Paint-Along-with-Bob-Ross night art-parties are on regular rotation for my event calendar as an arts facilitator- and for good reason: They are always well attended and talked about for weeks after! This style of art party is great for artists and non-artists because Bob Ross’s soothing commentary and the easy-to-follow instructions in The Joy of Painting make a paint-along party approachable for artists of all levels and all ages.
A “Bob Ross Paint Along” party is a great theme for events for kids, grown-ups, and even events that blend age groups. It’s an easy way to occupy kids age 8 and older, and makes a fun (+ relatively cheap and easy) birthday party theme. It’s equally suitable for parties for grown-ups!
Although less in fashion for adults than for kid’s parties, I’m thoroughly convinced that everyone loves a themed party! It seems like introverts, in particular, love a theme that includes something to DO. Many in my social circle are on the introverted side, and I’ve learned that one way to care for them is to include an interactive activity at my parties. For my Parks and Rec themed party, I included a Knope-inspired competition to see who could collage the best birthday card from a stack of random magazines. To my going away party prior to a year of travel in 2019, I brought supplies for making friendship bracelets. A guided paint party works in the same way – allowing people to socialize as much or as little as they want as they paint, giggle, and snack their way through a shared project.
After several rounds of hosting Bob Ross paint along parties, here’s my step by step party prep for hosting your own paint-along party.
1. Pick an episode
Don’t procrastinate choosing an episode until the last minute. Required paint colors vary by episode, so choosing an episode is the first step for planning. Paint color names will display on the screen in the first two or three minutes. When they show on the screen, copy them down- and if you want to be really prepared, review the whole episode to be sure it’s a good fit for your group and so that you are familiar in advance with all the steps (especially helpful if you plan to play both host AND participant and try to paint along with everyone).
If you are stumped on which to choose from all 29 seasons, my events have been successful using Mighty Mountain Lake (S16:E12), for a classic Bob Ross landscape, and Island in the Wilderness (S29:E1), which offers a more colorful take on a Ross landscape. Both are embedded and ready to play below. Bookmark this page, and when you are ready to start painting, just return and hit play to start my fun Bob Ross playlist (with a fun easter egg that will auto-play after Video #1):
2. Adapting Bob’s Supply List for FUN and Easy-Cleanup: Gathering Supplies
Bob Ross painted on very large canvases using large easels and slow-drying oil paints. None of those are realistic supplies for a paint party- but thankfully this element of Bob’s work is really easy to swap for to party-perfect alternatives.
Oil paint is very difficult to clean up, easels are expensive, and large canvases take much longer to paint- So I switch this up entirely for my paint parties. The supply list below substitutes oil for easy-to-clean acrylic paint, medium-small canvases (typically, we use 8×10 or 11×17) for large stretched canvases, and sets up a workspace on a flat, protected surface instead of easels. Using these supplies, it’s easy to follow along with an episode and finish a painting in an hour. Check out the detailed supply list below, OR just jump to the Amazon list I made with all the supplies you need for a Bob Ross Paint Along Party.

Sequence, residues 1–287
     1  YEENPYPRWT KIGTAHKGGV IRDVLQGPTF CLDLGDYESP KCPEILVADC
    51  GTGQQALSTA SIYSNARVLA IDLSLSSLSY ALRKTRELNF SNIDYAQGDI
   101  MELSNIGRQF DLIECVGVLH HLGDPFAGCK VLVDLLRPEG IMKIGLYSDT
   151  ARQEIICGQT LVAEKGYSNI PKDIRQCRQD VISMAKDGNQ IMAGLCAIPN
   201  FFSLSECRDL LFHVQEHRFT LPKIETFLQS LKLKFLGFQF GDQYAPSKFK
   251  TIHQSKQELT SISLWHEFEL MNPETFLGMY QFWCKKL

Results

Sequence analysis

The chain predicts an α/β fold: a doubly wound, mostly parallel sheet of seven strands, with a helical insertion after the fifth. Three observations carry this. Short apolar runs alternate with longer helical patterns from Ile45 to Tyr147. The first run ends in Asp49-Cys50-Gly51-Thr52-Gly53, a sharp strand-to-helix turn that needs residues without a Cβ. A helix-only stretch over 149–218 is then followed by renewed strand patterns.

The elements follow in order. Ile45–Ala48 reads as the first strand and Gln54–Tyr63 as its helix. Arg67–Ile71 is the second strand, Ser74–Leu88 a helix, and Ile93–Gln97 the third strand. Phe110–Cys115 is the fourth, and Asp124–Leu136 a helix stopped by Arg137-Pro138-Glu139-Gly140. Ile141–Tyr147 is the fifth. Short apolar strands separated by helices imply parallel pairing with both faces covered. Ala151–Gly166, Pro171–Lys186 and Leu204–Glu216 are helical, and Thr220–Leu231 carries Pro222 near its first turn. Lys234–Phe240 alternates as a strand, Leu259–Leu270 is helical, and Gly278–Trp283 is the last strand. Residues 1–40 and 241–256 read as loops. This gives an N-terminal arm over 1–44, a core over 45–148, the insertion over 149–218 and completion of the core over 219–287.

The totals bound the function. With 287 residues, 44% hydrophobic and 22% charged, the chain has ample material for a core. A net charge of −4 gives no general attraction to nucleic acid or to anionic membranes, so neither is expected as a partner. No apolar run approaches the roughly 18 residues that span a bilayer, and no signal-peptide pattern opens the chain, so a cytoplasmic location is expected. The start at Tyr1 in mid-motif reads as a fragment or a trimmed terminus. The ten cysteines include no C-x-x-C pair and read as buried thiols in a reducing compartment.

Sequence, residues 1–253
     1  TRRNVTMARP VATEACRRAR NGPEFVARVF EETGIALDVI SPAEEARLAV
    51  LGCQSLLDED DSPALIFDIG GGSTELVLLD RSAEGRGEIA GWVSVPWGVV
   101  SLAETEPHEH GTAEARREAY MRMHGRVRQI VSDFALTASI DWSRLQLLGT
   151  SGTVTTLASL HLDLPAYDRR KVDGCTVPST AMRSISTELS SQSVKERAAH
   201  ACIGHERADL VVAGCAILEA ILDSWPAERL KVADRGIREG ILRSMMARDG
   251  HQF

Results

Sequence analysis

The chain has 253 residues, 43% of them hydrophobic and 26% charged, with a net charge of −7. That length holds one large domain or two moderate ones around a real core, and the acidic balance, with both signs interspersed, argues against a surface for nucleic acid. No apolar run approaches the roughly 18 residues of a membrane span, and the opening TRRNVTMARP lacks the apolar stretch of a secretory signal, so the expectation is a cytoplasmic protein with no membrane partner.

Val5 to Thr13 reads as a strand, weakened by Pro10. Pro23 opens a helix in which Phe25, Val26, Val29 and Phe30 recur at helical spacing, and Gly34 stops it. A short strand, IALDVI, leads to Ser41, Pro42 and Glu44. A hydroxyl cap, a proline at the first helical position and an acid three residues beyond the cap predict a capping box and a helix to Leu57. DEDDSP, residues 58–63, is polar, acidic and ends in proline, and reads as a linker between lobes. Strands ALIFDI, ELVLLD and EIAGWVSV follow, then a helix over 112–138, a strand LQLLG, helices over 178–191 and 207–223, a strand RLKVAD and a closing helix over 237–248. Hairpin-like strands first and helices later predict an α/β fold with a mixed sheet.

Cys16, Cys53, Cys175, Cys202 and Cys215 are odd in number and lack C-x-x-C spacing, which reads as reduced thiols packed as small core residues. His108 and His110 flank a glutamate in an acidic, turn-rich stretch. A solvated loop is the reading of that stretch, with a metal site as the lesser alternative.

If no more than 4 people will be painting (6-8 if you are using very small canvases), the easiest way to have paint on hand is to purchase this huge set of small tubes of acrylic paint in many colors, which should eliminate the extra step of listing and locating the individual colors needed for each episode. If you are hosting a larger gathering – more than 4-6 people- you’ll want to go ahead and purchase full-size tubes of each color of paint listed in the beginning of the episode.
I STRONGLY RECOMMEND: Liquitex Basics paint. There are cheaper acrylic paints, but- listen- paint quality REALLY matters. If there is one place you should not cut corners on this party, it’s this one. Cheaper paint tends to be watery, translucent, and not well pigmented. Liquitex Basics is very good paint at an affordable price that will help create paintings your guests can be proud of. Just trust me, paint can make the difference between this being a fun project and a group-disappointment.
NOTE: if you can’t find the exact color specified in an episode in the Liquitex Basics color palette, you can trying checking if Golden brand paints have that color, or you can google “color substitution for <paint color name>”. Because there isn’t perfect overlap in color names available in oil paint vs acrylic, or pigments used in 1980 to pigments used in 2019, there may be one or two colors you’ll need to substitute with another color.
For painting on a tabletop, I find canvas boards a little easier to work with than stretched canvas. (Bob recommends against canvas boards- which are essentially canvas stretched over cardboard- but Bob never had to organize an event for multiple amateur painters in a space that needed to be free from paint stains at the end of the day!) You can get 24 of these bad boys for under $20 on Amazon.
PRO TIP: Have some masking tape or painters tape on hand for securing canvas boards to the table. Kids especially will do a little better if you either 1. tape down, or 2, add a few loops of tape to the back of their canvas, so it won’t slide around on the table as they paint.